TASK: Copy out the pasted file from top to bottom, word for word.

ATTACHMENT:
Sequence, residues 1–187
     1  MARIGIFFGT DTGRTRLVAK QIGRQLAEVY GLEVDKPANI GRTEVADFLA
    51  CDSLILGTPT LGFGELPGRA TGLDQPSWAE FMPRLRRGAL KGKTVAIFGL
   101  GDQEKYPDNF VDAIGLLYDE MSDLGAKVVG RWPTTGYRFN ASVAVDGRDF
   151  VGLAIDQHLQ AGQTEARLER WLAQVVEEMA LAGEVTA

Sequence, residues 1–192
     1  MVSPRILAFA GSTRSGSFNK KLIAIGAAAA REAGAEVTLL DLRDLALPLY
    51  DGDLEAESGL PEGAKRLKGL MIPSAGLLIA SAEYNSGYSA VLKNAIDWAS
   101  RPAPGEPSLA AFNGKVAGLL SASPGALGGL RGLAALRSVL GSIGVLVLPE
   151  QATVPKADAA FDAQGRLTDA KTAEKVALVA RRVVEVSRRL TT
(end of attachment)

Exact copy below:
Sequence, residues 1–187
     1  MARIGIFFGT DTGRTRLVAK QIGRQLAEVY GLEVDKPANI GRTEVADFLA
    51  CDSLILGTPT LGFGELPGRA TGLDQPSWAE FMPRLRRGAL KGKTVAIFGL
   101  GDQEKYPDNF VDAIGLLYDE MSDLGAKVVG RWPTTGYRFN ASVAVDGRDF
   151  VGLAIDQHLQ AGQTEARLER WLAQVVEEMA LAGEVTA

Sequence, residues 1–192
     1  MVSPRILAFA GSTRSGSFNK KLIAIGAAAA REAGAEVTLL DLRDLALPLY
    51  DGDLEAESGL PEGAKRLKGL MIPSAGLLIA SAEYNSGYSA VLKNAIDWAS
   101  RPAPGEPSLA AFNGKVAGLL SASPGALGGL RGLAALRSVL GSIGVLVLPE
   151  QATVPKADAA FDAQGRLTDA KTAEKVALVA RRVVEVSRRL TT